Negative Space – This term relates to the space around your subject and is a key element of artistic composition. Having little to distract from your chosen monument allows all attention to be directed toward your subject and therefore highlight it within your photograph. Here the warm hues of the sunset sky draw down toward the majestic Eiffel Tower.

Sense of Place – Have a little look around to see what you can incorporate alongside your subject that helps tell the story of the destination. I didn’t have to look far when the giant Warsaw Fountains in the Jardins du Trocadéro set off creating a great opportunity to blend the water with sunset and the Eiffel Tower. You can look for things like statues, signs or cultural subjects like for example a carousel in Paris or red phone box in London.

Sense of Place – Have a little look around to see what you can incorporate alongside your subject that helps tell the story of the destination. I didn’t have to look far when the giant Warsaw Fountains in the Jardins du Trocadéro set off creating a great opportunity to blend the water with sunset and the Eiffel Tower. You can look for things like statues, signs or cultural subjects like for example a carousel in Paris or red phone box in London.

Perspective – Telling your viewers where to look is a clever way to draw them into your photograph. Using lines to point their eyes toward your subject creates a powerful photograph and one you can have fun composing with streets, bridges or as in this case, the perfectly aligned trees along the Champ de Mars leading to the Eiffel Tower.

Perspective – Telling your viewers where to look is a clever way to draw them into your photograph. Using lines to point their eyes toward your subject creates a powerful photograph and one you can have fun composing with streets, bridges or as in this case, the perfectly aligned trees along the Champ de Mars leading to the Eiffel Tower.

Lisa Michele Burns

Lisa Michele Burns

Photographer at The Wandering Lens
Lisa is the founder and photographer behind The Wandering Lens. As an Australian currently based in France she's never in one place for too long and is always looking for the next destination to photograph whether it be above or below the water. With 10+yrs as a professional photographer, all advice found on this site is from Lisa's personal experience on the road.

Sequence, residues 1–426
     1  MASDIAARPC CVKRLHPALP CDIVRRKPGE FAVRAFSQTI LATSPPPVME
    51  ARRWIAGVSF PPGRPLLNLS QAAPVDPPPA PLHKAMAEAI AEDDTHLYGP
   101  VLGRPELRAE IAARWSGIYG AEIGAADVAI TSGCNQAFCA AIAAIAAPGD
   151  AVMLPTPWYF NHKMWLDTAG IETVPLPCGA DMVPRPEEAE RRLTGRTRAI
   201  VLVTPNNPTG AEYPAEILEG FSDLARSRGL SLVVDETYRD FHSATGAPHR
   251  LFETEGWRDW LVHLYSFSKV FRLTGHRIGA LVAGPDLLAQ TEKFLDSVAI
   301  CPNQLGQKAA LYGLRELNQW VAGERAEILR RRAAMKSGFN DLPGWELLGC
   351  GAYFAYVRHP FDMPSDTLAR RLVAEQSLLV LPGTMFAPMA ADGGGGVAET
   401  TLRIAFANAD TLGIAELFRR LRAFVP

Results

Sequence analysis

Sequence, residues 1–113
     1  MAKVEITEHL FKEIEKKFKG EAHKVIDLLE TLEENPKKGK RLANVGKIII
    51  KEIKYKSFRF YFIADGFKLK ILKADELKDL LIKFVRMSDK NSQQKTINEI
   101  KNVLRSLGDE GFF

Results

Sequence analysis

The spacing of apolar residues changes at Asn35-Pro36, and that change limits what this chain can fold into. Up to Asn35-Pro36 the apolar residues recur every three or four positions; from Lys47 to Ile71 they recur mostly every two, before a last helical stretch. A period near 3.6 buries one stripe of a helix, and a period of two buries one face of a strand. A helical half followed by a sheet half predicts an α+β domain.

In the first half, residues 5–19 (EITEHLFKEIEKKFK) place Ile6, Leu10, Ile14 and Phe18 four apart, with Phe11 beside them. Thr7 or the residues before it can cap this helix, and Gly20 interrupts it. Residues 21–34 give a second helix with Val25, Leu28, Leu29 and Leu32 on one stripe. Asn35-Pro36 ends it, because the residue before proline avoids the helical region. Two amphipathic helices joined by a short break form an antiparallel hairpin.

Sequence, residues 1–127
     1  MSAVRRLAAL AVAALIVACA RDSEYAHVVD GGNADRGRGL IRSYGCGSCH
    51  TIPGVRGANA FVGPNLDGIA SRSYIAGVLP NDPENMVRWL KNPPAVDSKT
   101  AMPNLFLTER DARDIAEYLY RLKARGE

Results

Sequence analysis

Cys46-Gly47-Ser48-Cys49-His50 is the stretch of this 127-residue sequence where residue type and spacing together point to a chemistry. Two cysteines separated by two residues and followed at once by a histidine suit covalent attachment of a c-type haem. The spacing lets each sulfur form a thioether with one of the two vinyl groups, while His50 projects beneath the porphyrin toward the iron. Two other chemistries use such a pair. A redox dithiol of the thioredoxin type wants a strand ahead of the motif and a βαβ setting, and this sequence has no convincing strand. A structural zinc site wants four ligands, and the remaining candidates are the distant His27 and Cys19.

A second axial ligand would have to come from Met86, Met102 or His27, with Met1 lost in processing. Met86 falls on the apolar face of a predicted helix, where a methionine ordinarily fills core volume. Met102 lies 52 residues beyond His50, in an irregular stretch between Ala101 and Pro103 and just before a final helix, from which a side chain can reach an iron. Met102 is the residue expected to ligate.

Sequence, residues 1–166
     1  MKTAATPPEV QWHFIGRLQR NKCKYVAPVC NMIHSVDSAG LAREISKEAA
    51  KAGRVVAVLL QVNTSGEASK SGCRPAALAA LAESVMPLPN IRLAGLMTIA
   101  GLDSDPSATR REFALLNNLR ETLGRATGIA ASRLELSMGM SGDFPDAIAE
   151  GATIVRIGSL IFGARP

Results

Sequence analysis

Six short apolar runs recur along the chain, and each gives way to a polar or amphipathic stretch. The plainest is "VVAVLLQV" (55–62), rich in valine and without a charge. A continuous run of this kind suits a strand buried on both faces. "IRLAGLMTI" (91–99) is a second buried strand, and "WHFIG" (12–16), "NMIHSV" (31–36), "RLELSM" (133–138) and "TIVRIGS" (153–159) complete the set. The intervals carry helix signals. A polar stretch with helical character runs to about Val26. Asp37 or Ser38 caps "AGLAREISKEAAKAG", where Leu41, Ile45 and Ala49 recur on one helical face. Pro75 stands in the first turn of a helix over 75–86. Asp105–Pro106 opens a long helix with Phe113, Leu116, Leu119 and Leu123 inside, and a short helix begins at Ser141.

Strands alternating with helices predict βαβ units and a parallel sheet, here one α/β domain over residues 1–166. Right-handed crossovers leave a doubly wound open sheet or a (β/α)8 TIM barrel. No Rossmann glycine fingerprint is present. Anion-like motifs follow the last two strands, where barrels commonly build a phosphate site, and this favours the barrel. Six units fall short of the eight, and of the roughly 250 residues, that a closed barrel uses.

Lisa Michele Burns

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12 Comments

  1. Pingback: Real Adventurer: Lisa Michele Burns | littlegreybox

  2. Danielle

    December 11, 2014 at 3:55 pm

    You are so very talented. Oh to be back in Paris… 🙂

  3. Patricia

    February 11, 2015 at 5:04 pm

    Thank you for these tips. One of the most difficult things in photography for me is to see things in a different way, with a new perspective, angle, etc. Your photos are amazing, I will be coming back to get some inspiration for improving my photography 🙂

  4. RoarLoud

    February 20, 2015 at 12:36 pm

    Great tips, I am the one that is on the ground or contorting to get the right angle. I’m hoping to improve my photography skills more before Kilimanjaro and a safari in September. Just looking at your photos gives me some great ideas. Keep the tips coming! By the way the blog that I found you from is reblogged on my site:)

  5. Fearless Nomad

    March 6, 2015 at 1:35 am

    Love this article–such creative ways to view an iconic monument. Makes me want to venture out and click away.

  6. Maria @ A little adventure

    May 12, 2015 at 5:17 pm

    Such brilliant pictures! Of course now I want to revisit Paris. When I was there, I was lucky to visit the Eiffel Tower just after sunset and the beautiful light made for some very pretty photos. Thank you for your tips, I’m always trying to improve my composition skills.

    • thewanderinglens

      May 12, 2015 at 5:53 pm

      It’s such a pretty scene at dusk isn’t it Maria! Great to hear the tips were helpful, best of luck on your travels!

  7. Kel

    October 31, 2015 at 6:40 am

    Seriously. You are bloody good. I’m going to write these down as key points and use it next time I’m out taking photos. Thank you!

  8. Kaan

    January 7, 2016 at 10:17 am

    Thank you for sharing these wonderful tips! 🙂 I might be going to Paris this May and I’ve been looking unique shots! What are the settings that you used for that dusky Sacre Coeur photo? 🙂

    • thewanderinglens

      January 9, 2016 at 5:17 am

      Hi Kaan, so happy to hear they were helpful! The dusky shot was taken during one of the worst pollution fog spell’s in Paris hence the dusky colours and haze. The settings I used though were ISO 160, f/4.6, WB on cloudy mode and exposure -0.3. Have a great trip if you end up in Paris this May, it’s a beautiful time to visit 🙂